Thursday, February 25, 2010

Dixie Music, Crazy Dreams and Actual Humans

InterVarsity, the company I've worked for for almost 8 years now, has an interesting way of training you. They send you, in general, to a school with which you are unfamiliar in a town where you know no one to find a church in a short amount of time that you may or may not connect with in the hopes that you'll build relationships that will inevitably end in 9 months or less, all while learning to do a job that takes a tremendous amount of spiritual and emotional energy, not to mention the ability to understand cultural references meant for people much younger than you on a consistent basis.

So, it is not unusual for said intern year to come along with a myriad of issues. For me, I spent my 9 months living alone on $700 a month on one side of a duplex with no central heat and dealing with insomnia which meant that I could not ignore the high decibels of dixie music emanating from the other side of the walls, courtesy of my elderly, grumpy and hearing-impaired neighbor whose favorite pasttime seemed to be to intermittently accuse me of unsavory noctural activities. All this occurred while being engaged long-distance and being continually bombarded with the notion that I was, in fact, a Yankee and was, therefore, not welcome in rural NC. Thank you, Mr. Landlord.

One of the ways that I seem to deal with transitions and stress seems to dream and that year was no different. Perhaps I work out my angst in my subconscious, since up until the point I started blogging I've never been good at actually working it out in healthy and relational ways. So, you can imagine with the perfect storm of dysfunction mentioned in the previous paragraphs that I was dreaming up a storm. My most vivid one related to marriage, as many of my dreams do. Being engaged is one thing. Being engaged long-distance when you always swore you'd never get married at all is quite another, so I was definitely anxious about the whole thing. One night I found myself in the very interesting dream reality of a new mandate from my employer. Apparently, IV National was having trouble recruiting new staff and was making all single staff (including those engaged to non-staff) find a student and marry him or her asap to bring them into the staff family. In my dream, I had to marry one of the current leaders in our chapter - I remember the awkward moment of informing this student of the mandate and proposing to him, the pre-marital counseling, the wedding ceremony and even the party. Thankfully, I woke up before the wedding night, however, this did not prevent me from experiencing waves of embarrassed horror when, the following evening, said student stood up to make an announcement at our weekly meeting and the dream came rushing back in all it's vivid truth.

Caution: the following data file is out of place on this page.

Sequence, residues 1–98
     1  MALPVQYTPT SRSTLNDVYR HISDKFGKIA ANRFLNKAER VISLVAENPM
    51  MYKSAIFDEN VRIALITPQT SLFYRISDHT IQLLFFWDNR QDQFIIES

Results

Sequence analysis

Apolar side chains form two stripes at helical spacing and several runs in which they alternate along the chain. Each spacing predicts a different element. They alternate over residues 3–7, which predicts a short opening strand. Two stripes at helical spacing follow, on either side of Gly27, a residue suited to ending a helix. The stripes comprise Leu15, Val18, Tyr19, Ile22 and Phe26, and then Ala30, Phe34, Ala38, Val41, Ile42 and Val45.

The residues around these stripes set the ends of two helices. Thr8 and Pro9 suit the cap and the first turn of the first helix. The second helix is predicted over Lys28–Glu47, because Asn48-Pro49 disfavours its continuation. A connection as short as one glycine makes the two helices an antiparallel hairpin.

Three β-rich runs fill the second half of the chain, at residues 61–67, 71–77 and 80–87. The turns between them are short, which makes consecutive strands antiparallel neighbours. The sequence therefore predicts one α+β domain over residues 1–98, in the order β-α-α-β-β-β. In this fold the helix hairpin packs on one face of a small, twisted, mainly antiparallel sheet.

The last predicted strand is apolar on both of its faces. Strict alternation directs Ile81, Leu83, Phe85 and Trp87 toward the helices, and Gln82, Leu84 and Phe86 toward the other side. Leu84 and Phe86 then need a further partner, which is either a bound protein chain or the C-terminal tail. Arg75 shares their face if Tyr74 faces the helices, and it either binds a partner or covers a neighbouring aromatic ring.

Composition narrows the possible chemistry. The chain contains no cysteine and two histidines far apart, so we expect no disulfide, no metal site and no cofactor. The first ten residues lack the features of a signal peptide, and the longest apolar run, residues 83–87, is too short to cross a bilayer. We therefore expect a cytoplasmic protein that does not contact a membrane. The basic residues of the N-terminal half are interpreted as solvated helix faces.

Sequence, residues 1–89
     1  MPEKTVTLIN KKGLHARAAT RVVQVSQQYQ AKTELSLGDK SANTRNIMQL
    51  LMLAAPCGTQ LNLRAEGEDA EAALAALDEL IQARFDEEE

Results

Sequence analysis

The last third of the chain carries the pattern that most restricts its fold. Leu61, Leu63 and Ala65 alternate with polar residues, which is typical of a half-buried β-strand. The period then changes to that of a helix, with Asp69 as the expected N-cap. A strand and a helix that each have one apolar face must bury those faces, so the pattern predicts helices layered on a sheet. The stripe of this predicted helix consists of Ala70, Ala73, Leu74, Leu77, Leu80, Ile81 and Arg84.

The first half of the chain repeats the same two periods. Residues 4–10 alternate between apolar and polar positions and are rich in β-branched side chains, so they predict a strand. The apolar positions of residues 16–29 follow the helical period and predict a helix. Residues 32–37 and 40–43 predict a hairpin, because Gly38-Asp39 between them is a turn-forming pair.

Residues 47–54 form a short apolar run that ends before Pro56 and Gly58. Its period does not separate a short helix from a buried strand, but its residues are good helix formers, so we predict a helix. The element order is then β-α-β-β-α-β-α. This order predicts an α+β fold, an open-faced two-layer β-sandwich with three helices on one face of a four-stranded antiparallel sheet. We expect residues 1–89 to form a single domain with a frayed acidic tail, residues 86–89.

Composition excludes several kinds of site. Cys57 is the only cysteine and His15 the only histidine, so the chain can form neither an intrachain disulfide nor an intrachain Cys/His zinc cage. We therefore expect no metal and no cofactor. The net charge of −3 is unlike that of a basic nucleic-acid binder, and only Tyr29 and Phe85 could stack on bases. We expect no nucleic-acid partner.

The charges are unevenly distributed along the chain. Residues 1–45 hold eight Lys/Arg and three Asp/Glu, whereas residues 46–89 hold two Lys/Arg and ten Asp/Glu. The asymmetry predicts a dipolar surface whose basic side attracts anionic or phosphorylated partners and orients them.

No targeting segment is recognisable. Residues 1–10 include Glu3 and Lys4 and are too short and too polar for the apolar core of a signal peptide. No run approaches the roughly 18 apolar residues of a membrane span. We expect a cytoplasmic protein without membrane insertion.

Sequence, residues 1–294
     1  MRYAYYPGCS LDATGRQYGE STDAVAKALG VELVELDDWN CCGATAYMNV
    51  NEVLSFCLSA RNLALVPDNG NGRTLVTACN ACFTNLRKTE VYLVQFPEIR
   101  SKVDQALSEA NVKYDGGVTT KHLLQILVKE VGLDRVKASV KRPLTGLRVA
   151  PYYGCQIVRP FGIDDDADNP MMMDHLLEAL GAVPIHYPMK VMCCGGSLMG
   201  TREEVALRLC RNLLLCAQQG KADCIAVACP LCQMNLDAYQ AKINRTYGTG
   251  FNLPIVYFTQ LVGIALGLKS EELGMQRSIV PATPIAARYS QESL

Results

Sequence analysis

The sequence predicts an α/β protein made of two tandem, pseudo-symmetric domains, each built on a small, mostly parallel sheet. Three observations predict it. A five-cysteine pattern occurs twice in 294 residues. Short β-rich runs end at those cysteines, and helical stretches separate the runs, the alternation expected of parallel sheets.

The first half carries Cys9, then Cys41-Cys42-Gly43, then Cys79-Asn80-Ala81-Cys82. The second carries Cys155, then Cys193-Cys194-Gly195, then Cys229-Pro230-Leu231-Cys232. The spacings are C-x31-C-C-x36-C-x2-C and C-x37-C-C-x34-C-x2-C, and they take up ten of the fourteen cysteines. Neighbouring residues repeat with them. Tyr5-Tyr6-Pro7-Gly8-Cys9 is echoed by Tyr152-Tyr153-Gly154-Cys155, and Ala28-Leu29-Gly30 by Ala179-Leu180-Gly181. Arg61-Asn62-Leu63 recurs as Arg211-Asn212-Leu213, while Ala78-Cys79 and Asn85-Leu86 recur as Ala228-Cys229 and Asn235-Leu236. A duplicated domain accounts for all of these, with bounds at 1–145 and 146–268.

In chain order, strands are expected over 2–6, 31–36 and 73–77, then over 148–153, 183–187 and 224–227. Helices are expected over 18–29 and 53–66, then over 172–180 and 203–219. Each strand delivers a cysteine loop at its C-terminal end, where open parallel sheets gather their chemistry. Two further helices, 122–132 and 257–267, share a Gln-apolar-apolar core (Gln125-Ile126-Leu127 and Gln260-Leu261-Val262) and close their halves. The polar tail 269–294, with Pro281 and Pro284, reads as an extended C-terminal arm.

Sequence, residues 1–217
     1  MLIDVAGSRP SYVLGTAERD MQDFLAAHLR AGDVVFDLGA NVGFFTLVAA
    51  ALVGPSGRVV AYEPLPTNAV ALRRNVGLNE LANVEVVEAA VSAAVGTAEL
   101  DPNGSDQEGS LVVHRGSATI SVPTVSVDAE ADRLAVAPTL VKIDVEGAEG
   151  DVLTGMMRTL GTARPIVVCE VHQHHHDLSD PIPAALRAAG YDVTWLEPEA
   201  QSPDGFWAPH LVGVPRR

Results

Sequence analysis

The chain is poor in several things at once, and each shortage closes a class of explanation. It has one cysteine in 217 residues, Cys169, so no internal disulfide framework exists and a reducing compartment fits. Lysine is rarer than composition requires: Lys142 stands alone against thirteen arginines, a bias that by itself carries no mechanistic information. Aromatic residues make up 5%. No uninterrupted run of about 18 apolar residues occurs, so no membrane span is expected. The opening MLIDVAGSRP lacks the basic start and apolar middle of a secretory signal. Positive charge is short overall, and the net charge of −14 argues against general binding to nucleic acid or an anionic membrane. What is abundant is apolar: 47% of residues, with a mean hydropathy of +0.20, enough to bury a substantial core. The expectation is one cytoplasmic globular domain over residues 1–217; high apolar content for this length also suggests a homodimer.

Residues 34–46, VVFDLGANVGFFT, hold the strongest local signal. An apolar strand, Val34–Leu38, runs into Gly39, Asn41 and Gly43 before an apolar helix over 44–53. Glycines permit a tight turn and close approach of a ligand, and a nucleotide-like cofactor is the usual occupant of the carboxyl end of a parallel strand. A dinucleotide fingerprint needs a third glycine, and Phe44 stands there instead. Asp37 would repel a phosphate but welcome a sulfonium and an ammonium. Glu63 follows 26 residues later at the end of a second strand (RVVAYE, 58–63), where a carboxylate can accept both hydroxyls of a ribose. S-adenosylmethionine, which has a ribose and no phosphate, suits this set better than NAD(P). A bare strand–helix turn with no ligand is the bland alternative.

I am still at a point here, post-sabbatical, where I'm not dreaming much. I seem to be falling asleep with relative ease, sleeping through the night and waking up in what appears to be actual reality, not a dream-induced panic to rediscover actual reality. I'm thankful for that, although I will admit that I think I had developed a kind of relationship with my dreams. There's a certain looking-forward-to-the-morning when you consistently have dreams that involve aliens, ocean-wide rope bridges and Arnold Schwarzeneggar that the smell of coffee cannot induce in me. Don't get me wrong- I'm happy to be working out my angst through writing and, gasp, actual human interaction, but I wonder if I will ever find ways to revisit my dream world that are healthy. Despite those panicked moments when you don't know if a dream was real, the entertainment factor and clarity of my own weirdness was oddly comforting.